Criminal “mentors” have been found to influence many young people during their early involvement in crime. These “mentors” can be peers, but they are typically older people who are now recognised as exploiting young people, often for financial gain through crime (Morselli, Tremblay & McCarthy, 2006). It is crucial, therefore, when attempting to mentor a young person away from criminal activities and gang involvement to find an appropriate mentor and role model. Someone who can counteract the influence of a deviant adult and who can also show the young person an alternative lifestyle and career.
It is now recognised that adult criminals groom young people into criminal exploitation (Moyle, 2019) using many of the same techniques as those who sexually exploit children (Ashton & Bussu, forthcoming).
The role of pro-social and community mentors in youth offending interventions
Although there are many examples of programmes that include the prosocial and community mentoring of young people who are either criminally and/or gang involved, very few have been rigorously evaluated. The most recent evaluation (University of Cincinnati) found that juveniles who were under parole or probation supervision did not demonstrate a statistically significant reduction in their offending simply because they were allocated a mentor. The authors concluded that any affective intervention required the implementation of evidence-based practice. Thus, allocating a mentor is simply not enough to impact on a young person’s offending behaviours. Duriez and colleagues (2017) highlighted three key principles for effective mentoring programmes: Risk, Need and Responsivity (Bonta & Andrews, 2017):
- Higher risk youth require more intensive interventions
- Interventions should focus on key social, psychological, attitudinal and behavioural risks
- All interventions should include cognitive behavioural elements to respond to individuals and their behaviour
Some of the most successful mentoring relationships for gang involved youth that I have encountered involve either successful professionals or community members who have themselves never been involved with crime. Importantly, they understand how they can best support their mentee and are a constant point of contact.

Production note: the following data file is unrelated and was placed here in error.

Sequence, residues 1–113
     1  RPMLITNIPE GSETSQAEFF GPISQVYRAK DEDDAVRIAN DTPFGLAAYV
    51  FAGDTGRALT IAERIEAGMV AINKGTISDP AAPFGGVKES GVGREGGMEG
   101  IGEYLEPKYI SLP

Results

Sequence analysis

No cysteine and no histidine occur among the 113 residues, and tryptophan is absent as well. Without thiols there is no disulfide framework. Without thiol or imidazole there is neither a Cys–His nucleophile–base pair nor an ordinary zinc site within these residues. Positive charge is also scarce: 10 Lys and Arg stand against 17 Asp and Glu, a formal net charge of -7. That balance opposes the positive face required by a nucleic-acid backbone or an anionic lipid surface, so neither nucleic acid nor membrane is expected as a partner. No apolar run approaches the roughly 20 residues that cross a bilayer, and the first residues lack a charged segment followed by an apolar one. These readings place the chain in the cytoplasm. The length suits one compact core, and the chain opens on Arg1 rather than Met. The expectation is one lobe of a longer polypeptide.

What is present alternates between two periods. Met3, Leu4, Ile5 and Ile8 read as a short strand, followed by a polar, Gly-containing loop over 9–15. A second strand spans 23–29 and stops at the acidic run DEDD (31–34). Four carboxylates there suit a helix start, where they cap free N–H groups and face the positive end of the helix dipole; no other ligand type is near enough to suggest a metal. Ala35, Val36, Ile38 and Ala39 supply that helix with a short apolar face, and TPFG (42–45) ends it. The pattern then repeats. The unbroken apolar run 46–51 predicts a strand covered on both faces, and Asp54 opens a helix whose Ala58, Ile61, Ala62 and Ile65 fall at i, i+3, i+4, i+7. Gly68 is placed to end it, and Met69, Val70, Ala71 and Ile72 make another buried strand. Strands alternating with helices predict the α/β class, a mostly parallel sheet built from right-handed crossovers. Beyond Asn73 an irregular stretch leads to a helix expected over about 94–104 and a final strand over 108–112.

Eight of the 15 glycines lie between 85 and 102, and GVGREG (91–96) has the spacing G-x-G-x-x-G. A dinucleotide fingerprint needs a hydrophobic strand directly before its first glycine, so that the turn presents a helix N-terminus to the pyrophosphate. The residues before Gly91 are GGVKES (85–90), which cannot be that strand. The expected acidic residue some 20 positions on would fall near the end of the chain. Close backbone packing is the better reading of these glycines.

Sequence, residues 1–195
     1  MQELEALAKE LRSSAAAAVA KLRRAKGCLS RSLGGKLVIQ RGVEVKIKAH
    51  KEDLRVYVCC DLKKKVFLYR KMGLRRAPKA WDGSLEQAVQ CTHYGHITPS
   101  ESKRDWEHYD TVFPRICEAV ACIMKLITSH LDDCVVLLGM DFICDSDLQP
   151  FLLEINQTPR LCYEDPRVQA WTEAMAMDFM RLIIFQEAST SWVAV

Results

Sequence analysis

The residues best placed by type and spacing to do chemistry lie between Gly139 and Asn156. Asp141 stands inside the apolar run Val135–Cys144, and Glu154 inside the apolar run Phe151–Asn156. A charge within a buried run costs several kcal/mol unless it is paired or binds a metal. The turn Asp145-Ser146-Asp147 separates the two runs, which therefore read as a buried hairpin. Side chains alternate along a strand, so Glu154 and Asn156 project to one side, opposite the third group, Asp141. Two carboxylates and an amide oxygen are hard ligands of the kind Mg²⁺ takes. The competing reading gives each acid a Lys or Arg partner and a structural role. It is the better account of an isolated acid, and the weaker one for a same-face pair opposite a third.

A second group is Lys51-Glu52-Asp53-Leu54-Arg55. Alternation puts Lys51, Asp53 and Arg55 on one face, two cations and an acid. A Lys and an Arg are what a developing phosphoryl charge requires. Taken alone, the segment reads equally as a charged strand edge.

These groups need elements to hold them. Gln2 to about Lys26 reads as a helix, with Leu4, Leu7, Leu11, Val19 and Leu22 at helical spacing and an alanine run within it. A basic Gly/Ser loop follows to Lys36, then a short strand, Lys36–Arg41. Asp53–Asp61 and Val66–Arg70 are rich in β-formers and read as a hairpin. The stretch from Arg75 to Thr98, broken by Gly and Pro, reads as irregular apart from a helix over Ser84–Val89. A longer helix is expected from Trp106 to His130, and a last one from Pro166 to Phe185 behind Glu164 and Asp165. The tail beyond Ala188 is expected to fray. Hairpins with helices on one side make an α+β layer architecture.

It was precisely this comprehensive approach that I found when I visited the Precious Blood Ministry of Reconciliation in Chicago’s South as part of my Churchill Fellowship. The PBMR use trauma informed care in addition to educational cultural programmes to support all members of their community, including young men who have been affected by gangs. They also support people through work development programmes, offering them sustainable change and a future.
During my visit, I was struck by a very simple but effective exhibition entitled “Men at Work”, which featured photographs and the stories of men from the local community. Each man spoke about their work and why it was important to them. Having a reminder, in a neighbourhood where crime is high and for some groups has become normalised is a constructive way of showing an alternative. All of the men featured were from the local area, for those who had themselves been involved in crime (and it was by no means all of the men featured) they had successfully turned their lives around and were happy with their pathways. For young people who attend the Ministry to learn carpentry or practice their art skills, the permanence of an exhibition means that they can read the stories and engage with the content in their own time. This method seems to be a cost effective and is a simple way to begin to offer an alternative narrative for young people from their own communities. For some of the most criminally affected young people, the display may also be the first time that they encounter the stories of adults who are not themselves criminally involved. It is precisely this kind of holistic approach that is referenced in academic studies and evaluations. As previously reported in an early post, the PBMR Center that I visited, consisted of a series of gardens, buildings and training facilities. The “Men at Work” exhibition was another effective point for reflection.
Precious Blood Ministry of Reconciliation
Sister Donna Liette
Father Denny Kinderman
Ashton, S-A. & Bussu, A. (forthcoming). Differentiating between youth and adult-involved gangs.
Bonta, J. & Andrews, D. A. (2017). The Psychology of Criminal Conduct. 6th Edition. New York, NY: Routledge.
Duriez, S. A., Sullivan, C., Sullivan, C. J., Manchak, S. M., Latessa, E. J., University of Cincinnati, … & United States of America. (2017). Mentoring Best Practices Research: Effectiveness of Juvenile Mentoring Programs on Recidivism. Cincinnati: University of Cincinnati, 1462.
Morselli, C., Tremblay, P., & McCarthy, B. (2006). Mentors and criminal achievement. Criminology, 44(1), 17-43.
Moyle, L. (2019). Situating Vulnerability and Exploitation in Street-Level Drug Markets: Cuckooing, Commuting, and the “County Lines” Drug Supply Model. Journal of Drug Issues, 49(4), 739-755.
University of Cincinnati, School of Criminal Justice, & United States of America. (2017). Mentoring Best Practices Research: Effectiveness of Juvenile Mentoring for Youth on Parole and Probation in Ohio.